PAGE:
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abstract = "BACKGROUND: There is limited research that explores health and injuries of surfers. The aim of this study is to describe the health and injury profile of adult Australian competitive surfers.METHODS: In this cross-sectional study, all registered participants at the 2014 Australian Surfing Titles were invited to complete an online survey comprising: (1) demographic and surfing information; (2) health-related quality of life using the SF-12 questionnaire; and (3) surfing injury history. Descriptive statistics were used to describe the survey responses. The sample consisted of 227 (77{\%} male) surfers with mean age of 35.0±13.2 years. They spent on average, 10.0±6.5 hours per week surfing.RESULTS: The mean SF-12 physical and mental health component scores were significantly higher than the population norm at 53.3±5.4 and 55.6±6.2, respectively. A total of 175 (81{\%}) respondents reported incurring at least one surfing-related injury in their lifetimes, while 90 (58{\%}) respondents reported incurring at least one surfing-related injury in the current season. The most commonly injured body regions were the lower back, foot, knee, and ankle, while the most frequent types of injury were abrasion and laceration.CONCLUSIONS: Although adult Australian competitive surfers report greater physical and mental health-related quality of life compared to the general population, surfing-related injuries are relatively common. The present study reveals a higher burden of lower back injuries compared to previous reports as well as differences in injury profiles amongst the surfing disciplines.",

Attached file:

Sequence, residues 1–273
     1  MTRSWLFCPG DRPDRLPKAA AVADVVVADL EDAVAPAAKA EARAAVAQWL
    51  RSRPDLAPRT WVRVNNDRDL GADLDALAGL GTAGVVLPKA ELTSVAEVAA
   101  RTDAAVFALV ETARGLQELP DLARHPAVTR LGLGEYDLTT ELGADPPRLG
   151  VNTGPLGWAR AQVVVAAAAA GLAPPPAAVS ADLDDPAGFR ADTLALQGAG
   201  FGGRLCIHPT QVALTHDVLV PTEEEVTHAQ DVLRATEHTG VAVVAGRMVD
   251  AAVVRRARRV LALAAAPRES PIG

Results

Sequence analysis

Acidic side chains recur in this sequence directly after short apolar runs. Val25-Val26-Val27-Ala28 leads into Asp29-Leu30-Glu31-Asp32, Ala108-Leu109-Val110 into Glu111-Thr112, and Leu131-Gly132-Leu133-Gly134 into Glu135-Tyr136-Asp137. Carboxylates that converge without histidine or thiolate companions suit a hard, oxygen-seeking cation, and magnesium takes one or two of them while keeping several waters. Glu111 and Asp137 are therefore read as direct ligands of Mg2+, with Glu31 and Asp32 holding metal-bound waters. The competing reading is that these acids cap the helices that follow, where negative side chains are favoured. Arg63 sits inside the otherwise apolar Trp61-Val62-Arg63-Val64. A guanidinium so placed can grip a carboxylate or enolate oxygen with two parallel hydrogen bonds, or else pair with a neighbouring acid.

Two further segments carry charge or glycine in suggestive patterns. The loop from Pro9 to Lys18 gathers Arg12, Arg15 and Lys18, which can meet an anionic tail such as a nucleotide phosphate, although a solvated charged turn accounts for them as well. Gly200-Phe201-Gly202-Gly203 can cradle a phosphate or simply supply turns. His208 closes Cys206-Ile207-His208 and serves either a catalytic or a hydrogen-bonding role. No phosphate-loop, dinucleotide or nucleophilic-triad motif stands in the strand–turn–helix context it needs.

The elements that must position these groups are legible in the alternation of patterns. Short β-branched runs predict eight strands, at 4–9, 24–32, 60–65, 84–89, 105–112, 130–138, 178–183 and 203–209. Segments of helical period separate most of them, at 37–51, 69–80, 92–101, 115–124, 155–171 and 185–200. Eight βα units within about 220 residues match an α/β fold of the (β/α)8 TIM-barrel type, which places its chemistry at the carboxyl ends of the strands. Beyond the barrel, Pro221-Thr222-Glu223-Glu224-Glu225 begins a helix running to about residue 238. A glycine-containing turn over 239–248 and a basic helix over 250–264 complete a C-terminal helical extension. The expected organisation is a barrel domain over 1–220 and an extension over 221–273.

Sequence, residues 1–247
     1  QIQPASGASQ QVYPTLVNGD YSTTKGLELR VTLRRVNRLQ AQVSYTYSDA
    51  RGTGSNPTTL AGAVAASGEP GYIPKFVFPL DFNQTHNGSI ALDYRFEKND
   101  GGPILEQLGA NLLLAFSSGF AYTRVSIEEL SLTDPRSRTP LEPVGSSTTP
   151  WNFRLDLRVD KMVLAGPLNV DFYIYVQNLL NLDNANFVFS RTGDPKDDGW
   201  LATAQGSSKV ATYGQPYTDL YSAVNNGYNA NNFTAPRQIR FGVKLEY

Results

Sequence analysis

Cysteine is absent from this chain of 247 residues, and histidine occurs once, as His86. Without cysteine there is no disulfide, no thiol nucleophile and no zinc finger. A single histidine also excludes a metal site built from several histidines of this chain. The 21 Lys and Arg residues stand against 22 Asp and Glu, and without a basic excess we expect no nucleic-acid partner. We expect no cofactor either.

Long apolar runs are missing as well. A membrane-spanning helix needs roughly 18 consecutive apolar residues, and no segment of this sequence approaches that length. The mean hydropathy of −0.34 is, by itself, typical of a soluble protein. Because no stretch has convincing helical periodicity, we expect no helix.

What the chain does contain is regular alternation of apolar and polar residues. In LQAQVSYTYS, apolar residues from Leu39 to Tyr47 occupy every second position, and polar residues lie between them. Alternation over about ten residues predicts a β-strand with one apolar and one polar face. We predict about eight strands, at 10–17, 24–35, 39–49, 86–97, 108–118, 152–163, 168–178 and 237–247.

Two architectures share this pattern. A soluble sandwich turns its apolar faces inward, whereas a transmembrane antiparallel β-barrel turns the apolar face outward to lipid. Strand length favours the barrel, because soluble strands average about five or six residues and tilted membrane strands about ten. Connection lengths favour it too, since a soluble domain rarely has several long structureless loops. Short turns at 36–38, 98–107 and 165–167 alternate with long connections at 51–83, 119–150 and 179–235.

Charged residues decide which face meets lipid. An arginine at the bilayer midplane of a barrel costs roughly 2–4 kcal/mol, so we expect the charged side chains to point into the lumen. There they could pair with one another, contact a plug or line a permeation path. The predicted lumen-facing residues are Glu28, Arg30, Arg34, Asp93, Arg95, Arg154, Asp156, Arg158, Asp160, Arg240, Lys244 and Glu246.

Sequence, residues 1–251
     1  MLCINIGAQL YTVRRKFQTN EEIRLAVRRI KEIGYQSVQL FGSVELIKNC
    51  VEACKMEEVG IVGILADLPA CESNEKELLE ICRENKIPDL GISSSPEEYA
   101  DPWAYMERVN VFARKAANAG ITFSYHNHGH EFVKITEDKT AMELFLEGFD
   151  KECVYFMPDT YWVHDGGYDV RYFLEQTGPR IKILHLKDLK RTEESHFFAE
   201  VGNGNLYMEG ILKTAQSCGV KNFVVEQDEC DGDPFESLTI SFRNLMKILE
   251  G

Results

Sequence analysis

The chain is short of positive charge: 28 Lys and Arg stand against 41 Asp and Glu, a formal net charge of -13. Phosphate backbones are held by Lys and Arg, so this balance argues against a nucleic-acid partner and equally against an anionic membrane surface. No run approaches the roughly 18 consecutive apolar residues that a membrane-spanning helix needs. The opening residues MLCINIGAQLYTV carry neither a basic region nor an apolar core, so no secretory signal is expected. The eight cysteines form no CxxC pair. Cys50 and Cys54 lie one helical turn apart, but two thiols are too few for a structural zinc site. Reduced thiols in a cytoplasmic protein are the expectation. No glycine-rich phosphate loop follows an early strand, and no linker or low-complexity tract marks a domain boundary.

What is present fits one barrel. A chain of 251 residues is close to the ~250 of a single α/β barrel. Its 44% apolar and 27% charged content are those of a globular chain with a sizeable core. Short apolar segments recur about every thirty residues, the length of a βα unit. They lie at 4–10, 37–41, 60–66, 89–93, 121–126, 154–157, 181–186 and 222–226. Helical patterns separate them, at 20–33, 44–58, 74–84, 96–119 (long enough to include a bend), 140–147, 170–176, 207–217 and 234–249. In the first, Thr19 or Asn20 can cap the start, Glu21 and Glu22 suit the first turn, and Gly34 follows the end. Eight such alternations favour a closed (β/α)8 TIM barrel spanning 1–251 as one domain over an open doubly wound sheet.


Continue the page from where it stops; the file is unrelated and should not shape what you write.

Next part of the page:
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An Australian survey on health and injuries in adult competitive surfing. / Burgess, Andrew; Swain, Michael S.; Lystad, Reidar P.

In: Journal of Sports Medicine and Physical Fitness, Vol. 59, No. 3, 03.2019, p. 462-468.

Research output: Contribution to journalArticleResearchpeer-review